We most often associate caprese salad, or insalata caprese (literally meaning Salad of Capri, an island off the coast of italy) with tomatoes. And in fact, it was originally intended to mimic the colors of the Italian flag with its red, white, and green elements.
Nowadays, pretty much anything that features fresh basil, mozzarella, and balsamic has become caprese. Whether it be with tomatoes but in a unique form (such as our favorite Caprese Pasta Salad) or something that replaces the tomatoes altogether, we still call it caprese. I guess it’s a more efficient way of titling something than saying Such and Such Salad with Basil, Mozzarella, Balsamic Vinegar, and Olive Oil. Caprese is much more efficient and is becoming familiar enough that most people know what to expect.
That’s not to say we’re going to stop twisting it. What’s next, caprese chocolate chip cookies?
Um, no. Not from me, at least.
But this salad rightfully deserves to be called caprese, regardless of its notable lack of tomatoes.
Tomatoes and peaches are surprisingly similar and can often be used interchangeably. Treating a tomato as a fruit rather than a vegetable can produce surprising(ly delicious) results. When you think about, both fruits are sweet and tender summer fruits with thin skins and juicy flesh. Looking at a caprese salad with the fruit-like nature of the tomato in mind, substituting peaches makes perfect sense.
Sometimes, real life is a bit messier than what you see in the pictures. I try to represent the food on this blog accurately and true-to-life, and felt that the cropped shots above didn’t quite show the whole picture.
You know when you start to re-organize and end up questioning every purchase you’ve ever made? Well, I recently did a major prop purge, getting rid of nearly 1/4 of what I own. The giveaway pile kept growing and growing and eventually took over our entire dining table for upwards of a week, leaving us with only a tiny square suitable for eating. I mean really, we get this lovely new table and then are barely able to use it? Alas, the dishes were all able to find new homes, and we have now reclaimed our reclaimed dining table.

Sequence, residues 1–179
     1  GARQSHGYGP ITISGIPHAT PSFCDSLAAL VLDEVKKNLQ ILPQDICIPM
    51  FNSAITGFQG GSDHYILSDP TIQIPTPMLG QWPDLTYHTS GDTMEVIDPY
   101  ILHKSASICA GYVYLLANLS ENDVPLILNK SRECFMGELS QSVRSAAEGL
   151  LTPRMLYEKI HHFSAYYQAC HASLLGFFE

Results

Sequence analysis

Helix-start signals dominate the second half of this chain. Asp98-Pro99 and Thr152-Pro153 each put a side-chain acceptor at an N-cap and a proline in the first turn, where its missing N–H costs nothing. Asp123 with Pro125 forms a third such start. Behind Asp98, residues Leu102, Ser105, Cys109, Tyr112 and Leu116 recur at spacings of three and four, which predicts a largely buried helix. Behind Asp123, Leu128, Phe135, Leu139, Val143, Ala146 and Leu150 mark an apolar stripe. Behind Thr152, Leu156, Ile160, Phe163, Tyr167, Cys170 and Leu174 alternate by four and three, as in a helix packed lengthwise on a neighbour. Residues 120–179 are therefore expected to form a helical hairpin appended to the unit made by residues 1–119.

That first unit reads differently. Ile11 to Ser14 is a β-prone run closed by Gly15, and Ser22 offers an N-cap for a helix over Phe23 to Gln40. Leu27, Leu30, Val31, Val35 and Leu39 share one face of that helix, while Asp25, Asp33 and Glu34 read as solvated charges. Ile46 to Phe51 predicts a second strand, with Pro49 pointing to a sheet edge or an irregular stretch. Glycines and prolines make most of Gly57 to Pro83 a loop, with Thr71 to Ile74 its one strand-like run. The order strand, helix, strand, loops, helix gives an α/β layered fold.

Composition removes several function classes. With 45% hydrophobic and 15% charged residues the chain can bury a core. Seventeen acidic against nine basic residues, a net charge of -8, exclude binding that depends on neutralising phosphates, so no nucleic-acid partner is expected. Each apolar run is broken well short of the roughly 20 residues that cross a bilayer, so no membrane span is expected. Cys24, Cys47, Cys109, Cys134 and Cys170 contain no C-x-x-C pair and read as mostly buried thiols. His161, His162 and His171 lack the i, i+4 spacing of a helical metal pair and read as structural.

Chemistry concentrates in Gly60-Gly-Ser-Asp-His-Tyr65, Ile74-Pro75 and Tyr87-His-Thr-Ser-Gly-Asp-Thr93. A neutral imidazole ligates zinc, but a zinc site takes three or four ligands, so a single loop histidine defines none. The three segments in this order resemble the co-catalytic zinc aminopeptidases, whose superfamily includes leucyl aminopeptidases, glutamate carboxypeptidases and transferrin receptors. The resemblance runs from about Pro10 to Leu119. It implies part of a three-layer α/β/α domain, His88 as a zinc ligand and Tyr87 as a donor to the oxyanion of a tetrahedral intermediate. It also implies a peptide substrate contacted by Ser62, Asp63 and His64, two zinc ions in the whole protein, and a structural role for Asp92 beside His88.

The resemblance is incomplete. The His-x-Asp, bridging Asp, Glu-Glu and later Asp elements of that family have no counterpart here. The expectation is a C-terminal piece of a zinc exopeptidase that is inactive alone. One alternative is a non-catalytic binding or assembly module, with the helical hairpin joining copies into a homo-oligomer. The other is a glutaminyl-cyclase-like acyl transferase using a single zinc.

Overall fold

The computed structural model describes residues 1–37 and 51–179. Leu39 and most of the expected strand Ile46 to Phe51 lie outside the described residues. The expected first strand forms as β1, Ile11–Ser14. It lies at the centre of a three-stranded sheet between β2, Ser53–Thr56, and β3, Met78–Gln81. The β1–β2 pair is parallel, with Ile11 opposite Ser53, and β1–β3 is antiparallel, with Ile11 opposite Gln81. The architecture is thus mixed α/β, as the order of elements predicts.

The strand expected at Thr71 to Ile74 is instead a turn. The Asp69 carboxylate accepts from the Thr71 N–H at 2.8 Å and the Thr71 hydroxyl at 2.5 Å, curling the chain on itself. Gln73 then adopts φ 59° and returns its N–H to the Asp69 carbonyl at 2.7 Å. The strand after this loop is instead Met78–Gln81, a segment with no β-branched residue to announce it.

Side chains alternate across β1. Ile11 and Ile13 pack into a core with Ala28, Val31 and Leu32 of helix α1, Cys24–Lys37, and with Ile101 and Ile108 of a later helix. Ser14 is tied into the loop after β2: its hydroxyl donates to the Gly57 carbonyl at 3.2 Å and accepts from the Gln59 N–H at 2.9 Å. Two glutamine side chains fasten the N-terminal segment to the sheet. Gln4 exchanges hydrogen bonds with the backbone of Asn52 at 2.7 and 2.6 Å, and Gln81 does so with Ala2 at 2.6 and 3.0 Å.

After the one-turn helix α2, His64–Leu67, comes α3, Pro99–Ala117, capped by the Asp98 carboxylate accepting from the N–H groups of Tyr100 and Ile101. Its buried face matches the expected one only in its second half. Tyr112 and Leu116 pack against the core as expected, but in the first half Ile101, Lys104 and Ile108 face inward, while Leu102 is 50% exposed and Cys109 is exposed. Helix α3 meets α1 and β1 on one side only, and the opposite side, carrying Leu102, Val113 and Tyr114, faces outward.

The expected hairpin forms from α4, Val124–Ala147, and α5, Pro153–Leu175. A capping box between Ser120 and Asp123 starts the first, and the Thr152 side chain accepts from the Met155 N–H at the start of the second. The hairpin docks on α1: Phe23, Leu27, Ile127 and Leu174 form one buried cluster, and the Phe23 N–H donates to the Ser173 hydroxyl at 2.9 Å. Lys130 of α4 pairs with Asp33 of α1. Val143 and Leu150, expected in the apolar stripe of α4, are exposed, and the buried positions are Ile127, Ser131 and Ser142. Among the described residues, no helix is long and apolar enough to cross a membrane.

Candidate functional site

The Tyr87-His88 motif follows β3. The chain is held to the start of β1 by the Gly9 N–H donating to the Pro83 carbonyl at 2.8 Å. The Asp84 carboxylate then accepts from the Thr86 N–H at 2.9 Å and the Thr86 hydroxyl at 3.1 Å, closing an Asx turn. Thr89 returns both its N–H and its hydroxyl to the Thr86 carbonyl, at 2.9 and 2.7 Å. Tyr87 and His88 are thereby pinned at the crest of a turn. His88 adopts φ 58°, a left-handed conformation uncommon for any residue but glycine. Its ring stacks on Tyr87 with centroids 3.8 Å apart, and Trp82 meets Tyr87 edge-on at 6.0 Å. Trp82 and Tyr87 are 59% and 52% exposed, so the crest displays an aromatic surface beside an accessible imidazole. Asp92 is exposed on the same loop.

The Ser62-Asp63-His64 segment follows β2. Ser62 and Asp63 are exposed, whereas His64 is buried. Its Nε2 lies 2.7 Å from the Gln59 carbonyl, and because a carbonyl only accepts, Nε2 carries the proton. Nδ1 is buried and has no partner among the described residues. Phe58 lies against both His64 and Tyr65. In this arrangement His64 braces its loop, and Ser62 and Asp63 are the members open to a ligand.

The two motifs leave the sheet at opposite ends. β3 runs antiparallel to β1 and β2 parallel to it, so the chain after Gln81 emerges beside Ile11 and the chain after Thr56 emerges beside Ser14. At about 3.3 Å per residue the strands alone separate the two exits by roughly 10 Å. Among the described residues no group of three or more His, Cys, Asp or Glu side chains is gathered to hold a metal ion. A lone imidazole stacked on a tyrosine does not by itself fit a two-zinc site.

While it feels good to clean house, to reduce the clutter and get rid of things I haven’t used in years, I still struggle with it. But I might NEED that super fragile and totally impractical glass milk carton for a post sometime in the not-so-near future! But that neon yellow polka dot plate that I’ve had for 5 years and never used just might be the perfect dish for that batch of hypothetical cupcakes I may/may not make 2 1/2 years from now.
Really, Lindsay. You’re more reasonable than that. For once, at least, I tried to be, and am doing my best to remember that these dishes went to good homes where they might actually be used, rather than just sitting and collecting dust and taking up shelf space that could be used for NEW things. Ah, yes. NEW things! Getting rid of old things totally means I’m justified in buying new things, right?
- 2 ounces (1/2 a bag) baby arugula
- 1 handful fresh basil leaves, coarsely chopped or torn
- balsamic vinegar
- extra virgin olive oil
- sea salt and freshly ground pepper, to taste
- 1 large peach, pitted and cut into wedges
- 4 ounces ciliegine or bocconcini mozzarella (small balls), halved or quartered
- In a large salad bowl, toss arugula and basil with a splash of balsamic vinegar and olive oil. Season to taste with salt and pepper. Divide among serving bowls. Top with peach wedges and mozzarella balls and serve.